A Guide To CSAs: Joining And Making The Most Of Your Community Supported Agriculture (CSA)

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What is a CSA ?

A CSA or Community Supported Agriculture works like this: a group of consumers, often known as subscribers, pay (with at least part of the payment upfront) to receive weekly shares of local, seasonal produce from a farm or collective of farms. In addition to vegetables and fruit, some CSAs offer egg, bread, meat, or even flower shares. Another way CSAs personalize their plan is to offer shares of various sizes, such as for individuals or families. Depending on where you live, the CSA may last just for the summer months or it may last year-round.

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How It Helps You

Consumers get fresh and delicious foods and support the local economy through CSAs. While much of the produce in supermarkets has been shipped from across the country (or across the ocean), CSA shares provide produce that has been harvested within days or even hours!

There’s nothing more frustrating than planning meals for the week and then arriving at the farmer’s market to find that several of your ingredients are not available! CSAs will often let you know at the beginning of the week what you will be getting in your share, making it much easier to meal plan and to shop for the rest of the ingredients on your list. Also, you can discuss general crop plans for the season with the farmer(s) running your CSA. This, in turn, allows you to choose whatever you want to grow for your own garden. After all, how many scallions can one family truly consume?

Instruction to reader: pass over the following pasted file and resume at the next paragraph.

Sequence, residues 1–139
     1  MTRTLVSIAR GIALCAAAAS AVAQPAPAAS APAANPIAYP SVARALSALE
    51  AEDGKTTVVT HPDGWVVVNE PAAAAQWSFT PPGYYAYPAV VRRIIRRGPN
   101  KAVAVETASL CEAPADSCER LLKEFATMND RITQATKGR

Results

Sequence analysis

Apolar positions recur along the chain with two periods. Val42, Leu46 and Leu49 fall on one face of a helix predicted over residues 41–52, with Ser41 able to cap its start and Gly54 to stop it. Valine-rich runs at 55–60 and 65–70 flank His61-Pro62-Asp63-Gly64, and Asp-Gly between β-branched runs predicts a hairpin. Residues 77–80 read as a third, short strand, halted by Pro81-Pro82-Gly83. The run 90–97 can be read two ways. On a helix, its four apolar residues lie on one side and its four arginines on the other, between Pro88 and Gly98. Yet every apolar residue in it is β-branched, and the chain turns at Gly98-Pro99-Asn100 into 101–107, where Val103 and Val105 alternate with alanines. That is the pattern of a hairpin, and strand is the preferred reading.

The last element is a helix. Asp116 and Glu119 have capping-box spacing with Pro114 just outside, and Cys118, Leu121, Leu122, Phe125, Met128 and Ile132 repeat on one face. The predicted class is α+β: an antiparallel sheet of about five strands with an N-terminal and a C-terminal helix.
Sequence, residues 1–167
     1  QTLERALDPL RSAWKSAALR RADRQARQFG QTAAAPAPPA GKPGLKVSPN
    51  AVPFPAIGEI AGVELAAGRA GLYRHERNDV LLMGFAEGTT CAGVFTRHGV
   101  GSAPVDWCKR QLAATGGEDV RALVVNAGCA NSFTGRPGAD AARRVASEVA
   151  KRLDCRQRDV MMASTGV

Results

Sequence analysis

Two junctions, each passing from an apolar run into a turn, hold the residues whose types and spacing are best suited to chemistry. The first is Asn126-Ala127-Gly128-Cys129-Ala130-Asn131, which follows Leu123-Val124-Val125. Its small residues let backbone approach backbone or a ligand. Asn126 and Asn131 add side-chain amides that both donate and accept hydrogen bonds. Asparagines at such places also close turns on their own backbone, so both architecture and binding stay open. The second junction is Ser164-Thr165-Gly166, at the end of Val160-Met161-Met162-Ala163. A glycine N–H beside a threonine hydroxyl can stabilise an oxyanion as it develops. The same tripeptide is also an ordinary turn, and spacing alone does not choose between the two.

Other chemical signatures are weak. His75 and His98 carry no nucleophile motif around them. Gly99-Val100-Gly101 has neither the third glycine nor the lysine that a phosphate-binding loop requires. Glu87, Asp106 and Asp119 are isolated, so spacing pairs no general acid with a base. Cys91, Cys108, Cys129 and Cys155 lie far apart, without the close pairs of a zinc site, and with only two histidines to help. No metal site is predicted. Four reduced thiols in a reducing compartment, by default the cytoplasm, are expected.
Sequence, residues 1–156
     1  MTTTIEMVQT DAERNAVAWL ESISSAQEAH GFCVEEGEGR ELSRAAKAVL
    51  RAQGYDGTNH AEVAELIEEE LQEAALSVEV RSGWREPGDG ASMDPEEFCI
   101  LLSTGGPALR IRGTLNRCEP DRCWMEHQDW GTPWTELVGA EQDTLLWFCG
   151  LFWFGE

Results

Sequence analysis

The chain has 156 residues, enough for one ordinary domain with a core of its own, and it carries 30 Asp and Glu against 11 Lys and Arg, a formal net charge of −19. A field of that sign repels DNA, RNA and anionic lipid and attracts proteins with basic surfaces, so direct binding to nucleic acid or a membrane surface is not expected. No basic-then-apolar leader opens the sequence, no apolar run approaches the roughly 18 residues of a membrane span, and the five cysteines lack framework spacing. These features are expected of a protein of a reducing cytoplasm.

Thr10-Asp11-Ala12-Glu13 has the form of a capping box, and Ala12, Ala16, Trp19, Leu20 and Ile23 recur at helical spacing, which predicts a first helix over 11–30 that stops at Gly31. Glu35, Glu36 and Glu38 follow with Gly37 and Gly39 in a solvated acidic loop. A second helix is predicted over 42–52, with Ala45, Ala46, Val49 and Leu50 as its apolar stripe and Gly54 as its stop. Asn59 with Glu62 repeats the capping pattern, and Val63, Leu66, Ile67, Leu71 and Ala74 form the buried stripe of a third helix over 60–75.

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Image © flickr user emiemihuimei

How It Helps Farmers

CSAs are a win-win opportunity for farmers as well as consumers: farmers have the benefit of a guaranteed paycheck and cash flow and can better plan their growing seasons and plantings. And since hurricanes, drought, and other surprises from Mother Nature can derail anyone’s growing plans, CSAs offer farmers a type of insurance. CSAs allow farmers to better know their consumers, forge relationships with them, and perhaps even grow things according to their customers’ culinary desires.

CSAs also cut out the middleman. Farmers can offer the public their goods at a lower price, and deliver fresher products since they don’t have to pay someone else to distribute and market them. Additionally, while many CSA farms still sell at farmer’s markets, having a CSA makes this less of a necessity for income since they have guaranteed “buyers.” Some farmers supplement their produce with products such as honey or jelly. These value-added products are yet another way in which farmers can showcase their wares year-round.

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